Thirty years ago, the Union Rescue Mission in downtown L.A. contacted the UCLA School of Nursing with an intriguing request: Would the school be interested in providing nursing services to homeless adults and children staying at the mission?

Back then, very little was known about the homeless population encamped in the gritty neighborhood of shabby buildings and sidewalks they regarded as “home.” What was a mere 15 miles away might just as well have been a continent away when it came to the distance that separated West Los Angeles from downtown Skid Row. Few health care providers knew how to reach or even treat this forgotten sliver of humanity that remained out of sight and out of mind as L.A. expanded around them.

“At that time, there was little data on the homeless,” recalled Ada Lindsey, who was dean of the School of Nursing when the request was made. “Nobody really knew whether they would come to any clinics for healthcare or whether they would come back for follow-up visits. Nobody even knew much about what kinds of health problems they had.”

But the prospect of reaching out to this underserved transient population and learning from these experiences generated excitement at the school. Soon they realized that there was a need for more comprehensive health services. Could a nurse-managed clinic provide quality primary health care to the homeless and indigent? Would such a clinic be accepted? Could the nursing staff win their trust?

Today, the UCLA Nursing Health Clinic at the Union Rescue Mission has become a national model for its delivery of health care to the poor and homeless. Celebrating its 30th anniversary this month, it is one of the oldest and largest clinics of its kind in the country. And it is also the only shelter-based health clinic in the city that provides health care, not just for homeless men, but women and children as well.

“It means a great deal to me,” said one homeless man staying at the shelter. “People who are homeless — that are down-and-out on their luck, you know — they have medical facilities available to them that help them out.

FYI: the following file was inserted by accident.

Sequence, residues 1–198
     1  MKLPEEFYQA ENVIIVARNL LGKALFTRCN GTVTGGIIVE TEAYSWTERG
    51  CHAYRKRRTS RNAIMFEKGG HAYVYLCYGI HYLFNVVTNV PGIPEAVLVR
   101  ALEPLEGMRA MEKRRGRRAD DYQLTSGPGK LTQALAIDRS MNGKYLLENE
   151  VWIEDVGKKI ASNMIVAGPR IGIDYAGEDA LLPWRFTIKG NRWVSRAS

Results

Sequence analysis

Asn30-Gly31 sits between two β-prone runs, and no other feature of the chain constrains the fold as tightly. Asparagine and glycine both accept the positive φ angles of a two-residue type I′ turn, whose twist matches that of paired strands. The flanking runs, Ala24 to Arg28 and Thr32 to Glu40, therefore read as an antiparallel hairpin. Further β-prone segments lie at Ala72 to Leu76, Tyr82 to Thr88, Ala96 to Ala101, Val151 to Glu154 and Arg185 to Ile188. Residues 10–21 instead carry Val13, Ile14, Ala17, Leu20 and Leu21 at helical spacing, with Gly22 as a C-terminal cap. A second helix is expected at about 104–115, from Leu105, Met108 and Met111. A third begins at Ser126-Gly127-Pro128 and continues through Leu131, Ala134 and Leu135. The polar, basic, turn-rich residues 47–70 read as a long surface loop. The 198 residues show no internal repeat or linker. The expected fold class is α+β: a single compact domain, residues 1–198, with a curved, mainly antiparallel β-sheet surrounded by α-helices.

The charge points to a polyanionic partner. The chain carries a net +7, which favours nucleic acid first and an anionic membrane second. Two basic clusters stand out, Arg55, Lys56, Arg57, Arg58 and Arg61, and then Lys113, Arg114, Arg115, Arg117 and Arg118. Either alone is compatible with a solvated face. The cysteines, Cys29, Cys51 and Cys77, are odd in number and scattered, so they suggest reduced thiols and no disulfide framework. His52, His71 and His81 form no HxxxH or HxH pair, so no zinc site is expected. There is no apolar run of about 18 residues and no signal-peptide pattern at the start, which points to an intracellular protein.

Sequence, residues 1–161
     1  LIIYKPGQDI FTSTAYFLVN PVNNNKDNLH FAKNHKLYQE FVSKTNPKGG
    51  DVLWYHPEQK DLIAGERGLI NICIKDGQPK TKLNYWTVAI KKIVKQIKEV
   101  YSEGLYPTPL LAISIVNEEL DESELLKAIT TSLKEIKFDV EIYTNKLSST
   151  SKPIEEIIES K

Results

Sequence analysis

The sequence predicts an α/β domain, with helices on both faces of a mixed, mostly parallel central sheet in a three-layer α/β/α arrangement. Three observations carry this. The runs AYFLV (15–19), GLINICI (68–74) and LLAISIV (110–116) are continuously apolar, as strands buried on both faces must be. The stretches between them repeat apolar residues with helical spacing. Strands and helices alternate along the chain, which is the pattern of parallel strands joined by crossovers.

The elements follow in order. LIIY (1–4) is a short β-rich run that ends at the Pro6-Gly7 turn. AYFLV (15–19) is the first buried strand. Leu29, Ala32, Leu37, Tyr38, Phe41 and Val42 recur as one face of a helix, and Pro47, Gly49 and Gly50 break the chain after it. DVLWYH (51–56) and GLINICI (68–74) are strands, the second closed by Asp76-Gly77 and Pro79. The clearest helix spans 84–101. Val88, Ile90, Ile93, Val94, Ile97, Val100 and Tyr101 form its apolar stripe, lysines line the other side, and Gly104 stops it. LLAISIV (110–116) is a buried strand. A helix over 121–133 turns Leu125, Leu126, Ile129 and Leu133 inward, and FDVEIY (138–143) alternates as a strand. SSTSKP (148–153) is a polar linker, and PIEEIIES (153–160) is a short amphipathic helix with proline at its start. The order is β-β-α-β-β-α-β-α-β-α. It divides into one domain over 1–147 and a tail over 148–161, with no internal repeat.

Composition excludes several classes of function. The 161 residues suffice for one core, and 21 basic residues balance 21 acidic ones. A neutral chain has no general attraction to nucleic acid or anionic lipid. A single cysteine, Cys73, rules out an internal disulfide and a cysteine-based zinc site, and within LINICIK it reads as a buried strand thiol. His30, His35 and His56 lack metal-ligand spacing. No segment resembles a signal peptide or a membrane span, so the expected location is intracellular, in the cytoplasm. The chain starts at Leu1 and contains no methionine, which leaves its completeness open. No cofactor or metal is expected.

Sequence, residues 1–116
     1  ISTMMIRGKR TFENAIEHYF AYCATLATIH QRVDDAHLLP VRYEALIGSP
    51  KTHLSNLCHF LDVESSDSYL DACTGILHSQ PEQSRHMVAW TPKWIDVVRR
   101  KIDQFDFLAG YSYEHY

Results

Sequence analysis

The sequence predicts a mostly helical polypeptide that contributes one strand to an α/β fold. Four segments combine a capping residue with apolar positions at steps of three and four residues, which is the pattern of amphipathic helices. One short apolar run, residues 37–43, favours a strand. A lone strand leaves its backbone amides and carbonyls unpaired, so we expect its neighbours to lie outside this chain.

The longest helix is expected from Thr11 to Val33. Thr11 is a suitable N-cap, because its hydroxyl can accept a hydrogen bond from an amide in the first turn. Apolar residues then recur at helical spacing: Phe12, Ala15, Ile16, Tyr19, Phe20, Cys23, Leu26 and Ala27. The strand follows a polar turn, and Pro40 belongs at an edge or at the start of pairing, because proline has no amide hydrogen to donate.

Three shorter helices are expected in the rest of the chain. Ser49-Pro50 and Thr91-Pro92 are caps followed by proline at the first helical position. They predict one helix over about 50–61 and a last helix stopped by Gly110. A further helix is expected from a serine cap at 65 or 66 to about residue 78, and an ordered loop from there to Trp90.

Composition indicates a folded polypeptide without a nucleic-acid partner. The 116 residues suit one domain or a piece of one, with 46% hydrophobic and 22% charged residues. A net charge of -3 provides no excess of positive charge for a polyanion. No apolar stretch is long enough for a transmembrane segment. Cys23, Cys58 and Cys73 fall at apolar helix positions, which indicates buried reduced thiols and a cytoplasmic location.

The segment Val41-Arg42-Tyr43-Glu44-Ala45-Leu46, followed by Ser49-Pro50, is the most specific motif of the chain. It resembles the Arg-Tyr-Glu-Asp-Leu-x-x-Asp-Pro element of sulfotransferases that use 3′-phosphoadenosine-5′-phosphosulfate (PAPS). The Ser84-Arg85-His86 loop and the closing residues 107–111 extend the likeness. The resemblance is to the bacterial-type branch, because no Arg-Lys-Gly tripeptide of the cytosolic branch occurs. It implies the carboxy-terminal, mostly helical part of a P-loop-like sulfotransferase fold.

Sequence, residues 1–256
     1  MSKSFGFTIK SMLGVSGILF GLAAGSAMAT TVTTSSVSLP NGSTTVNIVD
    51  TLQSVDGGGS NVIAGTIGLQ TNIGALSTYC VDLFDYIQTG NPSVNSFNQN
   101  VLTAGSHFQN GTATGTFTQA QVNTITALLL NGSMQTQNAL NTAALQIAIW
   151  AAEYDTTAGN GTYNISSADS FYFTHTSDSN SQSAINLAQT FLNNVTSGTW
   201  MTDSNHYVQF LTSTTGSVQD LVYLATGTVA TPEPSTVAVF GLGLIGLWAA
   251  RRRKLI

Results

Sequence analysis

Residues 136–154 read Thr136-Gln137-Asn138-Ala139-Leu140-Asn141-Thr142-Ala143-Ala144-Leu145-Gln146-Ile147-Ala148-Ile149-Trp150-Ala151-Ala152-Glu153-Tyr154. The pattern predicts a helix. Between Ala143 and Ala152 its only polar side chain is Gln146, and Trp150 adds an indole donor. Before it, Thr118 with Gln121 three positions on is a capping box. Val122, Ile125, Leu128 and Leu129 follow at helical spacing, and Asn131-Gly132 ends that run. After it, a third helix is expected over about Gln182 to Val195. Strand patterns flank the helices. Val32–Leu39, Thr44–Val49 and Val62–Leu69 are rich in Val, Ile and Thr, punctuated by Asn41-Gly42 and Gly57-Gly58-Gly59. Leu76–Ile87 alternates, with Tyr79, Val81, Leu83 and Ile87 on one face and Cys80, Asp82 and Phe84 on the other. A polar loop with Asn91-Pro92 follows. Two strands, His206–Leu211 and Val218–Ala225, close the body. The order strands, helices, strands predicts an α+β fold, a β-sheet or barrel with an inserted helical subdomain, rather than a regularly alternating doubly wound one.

“It means a great deal,” he reiterated.

Since its founding, the clinic, which manages both acute and chronic illnesses, has provided care in more than 250,000 patient visits. Last year alone, its small staff of six provided comprehensive medical services to more than 2,500 people.

“Health care is an essential part of this mission,” said Reverend Andy Bales, chief executive officer of the Union Rescue Mission. “While it is important to get people off the street and give them shelter and food, many of our guests have a lot of medical complications due to their time on the streets. And these issues, if not addressed, can hold them back from allowing them to move out of homelessness. The care provided by the clinic over the past 30 years has really made a difference in people’s lives.”

Lessons from Skid Row

The men, women and children struggling to survive on the streets often face more complex medical issues and chronic diseases such as diabetes or high blood pressure.

“Simple things become complex and out of control because these individuals don’t access care until it becomes urgent,” said Courtney Lyder, dean of the UCLA School of Nursing. “When you don’t know where you will get your next meal or where will you sleep each night, it’s hard to think about taking care of your health.”